1 1 Prophecy or Wizardry? Blessing or Curse? A Response to the Vote of the United Church of Christ General Synod in Support of Boycott, Divestment and Sanction Against Israel Rabbi Ronne Friedman Temple Israel, Boston July 3, Tammuz 5775 On Tuesday of this week, the General Synod of the United Church of Christ (UCC) voted overwhelmingly, 508 to 124 with 38 abstentions to divest from and to boycott companies in the Israeli-occupied Palestinian territories that are complicit in the Israeli occupation of the West Bank and Gaza. The announcement of this vote on the UCC website spoke of the expansion of previous UCC sanctions to include any direct or substantive indirect holdings in companies profiting from or complicit in, human rights violations arising from the occupation. Before I continue, I want to share with you that I intend to send my words which will follow to representatives of the UCC Church, with the request that they circulate them to General Synod members and to members of their churches. This week s parasha [the weekly reading from the Torah scheduled to be read this week throughout the Jewish world], Balak, relates the story of Balaam, an Aramean, whose services are sought by Balak, the King of Moab, for the purpose of cursing the Israelites as they travel through his
2 2 territory. In the Bible, Balaam s bona fides are somewhat ambiguous. Is he a prophet, one who hears the word of God and acts accordingly, or a wizard, a mere soothsayer, a hired gun for sale to the highest bidder? The rabbinic literature also offers an inconsistent assessment of Balaam s character. Certain texts extol his prophetic gifts, but the majority of rabbinic opinion adds the epithet, HaRasha, ( the Wicked One, ) to his name. In Talmud Sanhedrin 106a, when one rabbi objects to the derogation of Balaam as a second-rate conjurer, insisting that he was a prophet, Rabbi Johanan ben Zakkai settles the argument by saying, Bat chalah Navi, u l vasof, koseim! At first he was a prophet, but then he became a mere wizard. At first glance, it may seem that the great sage, ben Zakkai, widely acknowledged as the leader who saved Judaism in the immediate aftermath of the destruction of Jerusalem and the 2 nd Temple at the hands of the Romans, was merely trying to appease those on either side of the argument, but a more thoughtful appraisal would recognize that ben Zakkai understood that one who displays moral vision at a certain moment or in a certain circumstance, can also become blinded by the light of his own presumed moral certainty. When that occurs, he is no longer a moral exemplar, but a koseim, a moral manipulator.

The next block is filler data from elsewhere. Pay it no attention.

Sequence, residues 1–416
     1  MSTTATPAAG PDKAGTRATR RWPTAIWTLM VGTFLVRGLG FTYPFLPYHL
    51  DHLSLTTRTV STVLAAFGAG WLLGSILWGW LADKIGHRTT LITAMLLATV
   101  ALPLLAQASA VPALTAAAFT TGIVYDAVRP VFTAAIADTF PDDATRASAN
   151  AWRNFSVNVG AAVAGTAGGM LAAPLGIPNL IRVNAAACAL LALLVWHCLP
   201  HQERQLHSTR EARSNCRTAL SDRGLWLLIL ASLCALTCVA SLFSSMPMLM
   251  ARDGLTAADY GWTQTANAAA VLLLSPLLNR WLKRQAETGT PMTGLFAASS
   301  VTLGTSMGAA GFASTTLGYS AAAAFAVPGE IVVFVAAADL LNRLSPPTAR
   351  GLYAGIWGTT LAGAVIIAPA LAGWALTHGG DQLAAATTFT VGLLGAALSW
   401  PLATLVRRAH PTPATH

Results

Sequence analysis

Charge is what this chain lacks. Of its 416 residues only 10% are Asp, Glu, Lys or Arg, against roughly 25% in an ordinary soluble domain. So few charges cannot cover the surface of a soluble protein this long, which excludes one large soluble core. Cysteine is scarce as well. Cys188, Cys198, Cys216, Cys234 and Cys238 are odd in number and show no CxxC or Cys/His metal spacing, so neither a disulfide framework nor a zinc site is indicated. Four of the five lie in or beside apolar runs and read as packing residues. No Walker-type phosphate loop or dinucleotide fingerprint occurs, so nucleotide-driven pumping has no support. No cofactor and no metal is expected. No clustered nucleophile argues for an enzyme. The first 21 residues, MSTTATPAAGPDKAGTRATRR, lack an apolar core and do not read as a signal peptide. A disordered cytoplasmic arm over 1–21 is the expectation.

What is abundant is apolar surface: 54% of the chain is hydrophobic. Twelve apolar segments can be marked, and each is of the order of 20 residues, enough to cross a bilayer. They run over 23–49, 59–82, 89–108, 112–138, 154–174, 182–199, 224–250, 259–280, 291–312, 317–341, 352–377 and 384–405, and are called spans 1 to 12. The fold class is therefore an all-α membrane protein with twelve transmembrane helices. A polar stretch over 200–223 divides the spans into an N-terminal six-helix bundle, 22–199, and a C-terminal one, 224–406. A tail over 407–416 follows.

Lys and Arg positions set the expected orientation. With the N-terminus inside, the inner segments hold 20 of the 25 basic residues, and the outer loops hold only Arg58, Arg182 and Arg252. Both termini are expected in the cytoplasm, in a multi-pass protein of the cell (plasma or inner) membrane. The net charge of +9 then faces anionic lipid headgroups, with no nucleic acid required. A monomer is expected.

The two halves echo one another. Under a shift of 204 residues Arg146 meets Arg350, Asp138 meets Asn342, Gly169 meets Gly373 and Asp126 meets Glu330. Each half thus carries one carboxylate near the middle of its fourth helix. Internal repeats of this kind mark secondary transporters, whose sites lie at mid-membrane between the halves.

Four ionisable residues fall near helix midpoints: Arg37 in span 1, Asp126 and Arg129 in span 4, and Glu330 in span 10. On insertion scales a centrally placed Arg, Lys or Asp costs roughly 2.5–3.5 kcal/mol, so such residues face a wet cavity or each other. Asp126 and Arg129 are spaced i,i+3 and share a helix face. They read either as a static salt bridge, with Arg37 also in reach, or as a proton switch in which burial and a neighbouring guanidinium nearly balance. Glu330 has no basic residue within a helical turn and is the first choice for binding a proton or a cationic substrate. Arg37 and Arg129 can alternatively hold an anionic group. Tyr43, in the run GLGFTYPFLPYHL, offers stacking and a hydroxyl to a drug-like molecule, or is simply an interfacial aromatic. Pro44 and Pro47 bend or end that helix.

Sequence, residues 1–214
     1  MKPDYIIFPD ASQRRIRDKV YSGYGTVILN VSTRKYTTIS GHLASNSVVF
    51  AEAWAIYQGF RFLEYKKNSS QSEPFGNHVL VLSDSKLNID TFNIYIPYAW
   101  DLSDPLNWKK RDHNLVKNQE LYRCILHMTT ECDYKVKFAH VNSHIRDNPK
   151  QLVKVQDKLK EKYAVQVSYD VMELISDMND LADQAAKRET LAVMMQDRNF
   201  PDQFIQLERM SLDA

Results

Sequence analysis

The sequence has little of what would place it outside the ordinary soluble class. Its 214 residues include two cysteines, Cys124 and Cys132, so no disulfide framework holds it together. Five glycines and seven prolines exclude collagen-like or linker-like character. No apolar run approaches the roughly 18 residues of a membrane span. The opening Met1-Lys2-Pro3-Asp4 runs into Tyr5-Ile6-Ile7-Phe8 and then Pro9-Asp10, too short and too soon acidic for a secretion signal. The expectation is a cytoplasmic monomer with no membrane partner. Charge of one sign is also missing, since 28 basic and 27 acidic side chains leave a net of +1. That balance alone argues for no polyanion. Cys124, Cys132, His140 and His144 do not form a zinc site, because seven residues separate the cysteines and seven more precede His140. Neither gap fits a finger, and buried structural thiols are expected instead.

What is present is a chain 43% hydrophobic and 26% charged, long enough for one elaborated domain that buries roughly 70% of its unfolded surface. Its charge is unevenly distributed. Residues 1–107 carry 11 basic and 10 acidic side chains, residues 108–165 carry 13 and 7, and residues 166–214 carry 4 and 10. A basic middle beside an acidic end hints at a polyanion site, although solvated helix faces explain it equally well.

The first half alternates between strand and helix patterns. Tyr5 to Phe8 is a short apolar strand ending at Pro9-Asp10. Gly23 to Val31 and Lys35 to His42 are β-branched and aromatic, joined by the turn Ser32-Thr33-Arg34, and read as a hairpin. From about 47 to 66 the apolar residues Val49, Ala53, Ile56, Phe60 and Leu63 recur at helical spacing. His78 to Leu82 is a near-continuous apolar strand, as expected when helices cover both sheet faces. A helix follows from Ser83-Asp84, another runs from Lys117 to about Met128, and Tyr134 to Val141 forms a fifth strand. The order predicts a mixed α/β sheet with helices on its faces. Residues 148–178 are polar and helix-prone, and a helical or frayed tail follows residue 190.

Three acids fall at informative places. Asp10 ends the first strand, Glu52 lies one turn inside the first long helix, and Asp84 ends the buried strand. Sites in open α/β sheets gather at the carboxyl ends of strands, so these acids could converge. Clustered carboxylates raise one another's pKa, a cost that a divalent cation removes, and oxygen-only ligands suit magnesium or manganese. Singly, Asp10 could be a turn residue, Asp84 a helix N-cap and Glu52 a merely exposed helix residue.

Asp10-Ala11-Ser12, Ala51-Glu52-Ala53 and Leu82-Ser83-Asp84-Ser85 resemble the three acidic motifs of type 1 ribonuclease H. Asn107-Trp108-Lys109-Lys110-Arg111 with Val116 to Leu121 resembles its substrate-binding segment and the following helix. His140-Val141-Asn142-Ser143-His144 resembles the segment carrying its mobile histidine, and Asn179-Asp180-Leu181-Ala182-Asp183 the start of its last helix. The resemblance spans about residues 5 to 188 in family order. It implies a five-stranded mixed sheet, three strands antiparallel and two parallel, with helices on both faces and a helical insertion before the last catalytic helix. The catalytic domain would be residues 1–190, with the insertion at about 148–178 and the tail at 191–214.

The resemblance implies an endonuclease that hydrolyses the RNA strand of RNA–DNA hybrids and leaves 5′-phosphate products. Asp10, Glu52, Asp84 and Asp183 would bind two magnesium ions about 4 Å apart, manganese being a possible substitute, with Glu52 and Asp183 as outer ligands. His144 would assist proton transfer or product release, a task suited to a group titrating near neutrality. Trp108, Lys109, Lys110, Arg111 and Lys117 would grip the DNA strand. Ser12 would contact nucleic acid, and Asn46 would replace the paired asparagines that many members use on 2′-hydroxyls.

3 3 The Jewish historian and scholar, Raphael Jospe, once provided an analysis of the famous Letter to (the Jews of) Yemen written by Moses Maimonides. He identified in that letter, three types of Judeophobia, that is, fear of and antipathy towards the Jews and Judaism. He wrote that Maimonides characterized three different types of attempts to eliminate the Jewish people, contradict the Torah, and to abolish the Jewish religion: 1) Physical eradication. Enemies of the Jews, such as the Biblical Amalek, Sisera, Sennacherib and Nebuchadnezzar, and the Roman Titus and Hadrian, attempted to eradicate the Jewish people by force, conquest and the sword. 2) Ideological polemic. The ancient Syrians, Persians and Greeks attempted to undermine Judaism by proofs and polemics of their intelligentsia and scholars. 3) Religious supersession. Christianity and Islam have attempted to supplant Judaism by claiming a new prophetic revelation superseding the Torah. (i.e., Judaism). Jospe goes on to argue that although physical and religious threats persist into the 21 st century, that the primary threat to Jews and Judaism is ideological in nature.
4 4 His assessment of 20 th century history is that the ideological threat to Jews and Judaism was most often perceived as right-wing, fascist and xenophobic. But, Jospe continues, what we now witness in the Western world is a revival of the ideological threat from an unanticipated source-- the liberal or left-wing intelligentsia, in the name of universalism. In many respects, this liberal or leftist universalism is the most dangerous ideological threat today. Since it claims to speak in the name of progressive morality, it is intellectually seductive, and even Jews themselves are susceptible to it. The threat, therefore, sometimes comes from within, and not just from without. 1 I do not wish to suggest that criticism of the political behaviors of the State of Israel, of Israel s occupation of the West Bank or its difficult conflict with Hamas and thereby, the population of Gaza, necessarily marks the critic as Anti-Zionist or anti-jewish. I am not quick to accuse another of anti- Semitism (as it pertains specifically to Jews), but I do want to articulate what I believe to be the moral failures of the Boycott, Divestment and Sanction movement directed against Israel in general terms and specifically in relation to the depressingly painful vote of the UCC General Synod: 1 Raphael Jospe, Midstream, May/June 2006